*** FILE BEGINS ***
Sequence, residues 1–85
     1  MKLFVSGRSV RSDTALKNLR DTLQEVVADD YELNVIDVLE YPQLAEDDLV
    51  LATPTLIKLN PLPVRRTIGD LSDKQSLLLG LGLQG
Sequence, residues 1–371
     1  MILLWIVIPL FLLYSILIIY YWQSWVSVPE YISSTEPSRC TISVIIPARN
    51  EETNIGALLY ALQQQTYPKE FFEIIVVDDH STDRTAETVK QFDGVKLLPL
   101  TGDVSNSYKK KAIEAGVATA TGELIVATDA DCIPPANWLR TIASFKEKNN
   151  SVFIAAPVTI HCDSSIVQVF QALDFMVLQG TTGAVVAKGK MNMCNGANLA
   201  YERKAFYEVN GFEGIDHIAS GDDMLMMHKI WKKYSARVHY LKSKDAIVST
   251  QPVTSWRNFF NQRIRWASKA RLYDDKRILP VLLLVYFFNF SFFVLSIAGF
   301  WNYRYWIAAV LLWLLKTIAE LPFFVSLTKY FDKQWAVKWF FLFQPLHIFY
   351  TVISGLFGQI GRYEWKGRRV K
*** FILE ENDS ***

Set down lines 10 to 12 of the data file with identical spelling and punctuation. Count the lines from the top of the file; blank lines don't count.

   251  QPVTSWRNFF NQRIRWASKA RLYDDKRILP VLLLVYFFNF SFFVLSIAGF
   301  WNYRYWIAAV LLWLLKTIAE LPFFVSLTKY FDKQWAVKWF FLFQPLHIFY
   351  TVISGLFGQI GRYEWKGRRV K